Personalize Your Approach: Don’t Sell. Inform.
Tying your product offerings back to the likes and interests of event-goers is just the start. Ask questions when you’re in conversation to understand personal values and understand what is in a visitor’s best interest. Once you know their personal perspective, you can give them the information they need to make an informed decision — a far more natural (and effective) approach than making a hard sell. Unlike any other marketing tactic, events allow you to build a human connection with potential customers.
Also, remember it’s not just about making sales at the event. Lead generation is a HUGE part of event marketing, which is notorious for capturing the best leads. Making a connection to a prospective customer face-to-face means they’ll be more apt to purchase in the future. Just make the connection personal, per our last tip.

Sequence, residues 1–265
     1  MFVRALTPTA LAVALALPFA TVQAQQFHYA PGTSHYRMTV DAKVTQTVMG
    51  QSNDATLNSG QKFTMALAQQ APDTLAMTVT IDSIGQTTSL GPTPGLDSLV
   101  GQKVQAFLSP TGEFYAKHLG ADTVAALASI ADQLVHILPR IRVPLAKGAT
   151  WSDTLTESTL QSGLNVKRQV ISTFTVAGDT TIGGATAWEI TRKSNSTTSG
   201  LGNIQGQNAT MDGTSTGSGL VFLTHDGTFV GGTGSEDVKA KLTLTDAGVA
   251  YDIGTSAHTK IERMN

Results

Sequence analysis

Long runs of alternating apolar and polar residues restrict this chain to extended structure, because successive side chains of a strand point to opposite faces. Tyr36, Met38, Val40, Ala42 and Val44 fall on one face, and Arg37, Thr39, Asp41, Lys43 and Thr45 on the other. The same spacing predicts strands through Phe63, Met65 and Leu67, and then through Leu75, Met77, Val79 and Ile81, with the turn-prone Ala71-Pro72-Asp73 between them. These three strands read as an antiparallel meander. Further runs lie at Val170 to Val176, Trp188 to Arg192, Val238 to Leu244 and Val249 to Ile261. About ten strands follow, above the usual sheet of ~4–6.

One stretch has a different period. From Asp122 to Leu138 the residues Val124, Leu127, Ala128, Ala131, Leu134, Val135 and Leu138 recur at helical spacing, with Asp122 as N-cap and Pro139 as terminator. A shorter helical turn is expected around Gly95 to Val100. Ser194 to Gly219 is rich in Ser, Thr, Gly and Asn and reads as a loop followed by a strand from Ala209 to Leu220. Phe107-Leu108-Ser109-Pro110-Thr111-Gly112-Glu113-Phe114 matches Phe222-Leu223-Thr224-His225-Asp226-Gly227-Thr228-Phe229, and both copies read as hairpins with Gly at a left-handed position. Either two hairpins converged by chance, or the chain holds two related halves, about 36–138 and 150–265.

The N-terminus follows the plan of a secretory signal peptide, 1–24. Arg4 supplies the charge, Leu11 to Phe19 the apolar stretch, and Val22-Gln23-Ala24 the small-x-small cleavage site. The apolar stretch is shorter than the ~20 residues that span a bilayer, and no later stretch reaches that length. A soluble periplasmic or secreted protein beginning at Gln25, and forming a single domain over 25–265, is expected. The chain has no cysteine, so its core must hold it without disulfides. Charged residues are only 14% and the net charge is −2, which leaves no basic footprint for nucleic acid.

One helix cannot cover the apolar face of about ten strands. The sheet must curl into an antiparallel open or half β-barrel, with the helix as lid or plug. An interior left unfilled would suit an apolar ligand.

Leave Every Lead With a Reason to Reach Out
Cheap pens don’t last long, but give someone something useful and they will use it and remember you. Bags, umbrellas and water bottles are clutch because they help extend your advertising within the event and potentially beyond. Don’t stop there though — make each interaction as personal as possible right down to your contact info. A name and local phone number will go much farther than a national website or 1-800 number. Going a step farther, business cards can be seen as throwaways, but hand writing your contact information on promotional materials gives you ten extra seconds with the customer and forges a more human connection.
Special thanks on this blog post goes out to Olivia Gruntkowski, Tyler Smeltzer and again to Joanna Jones for providing expert insights.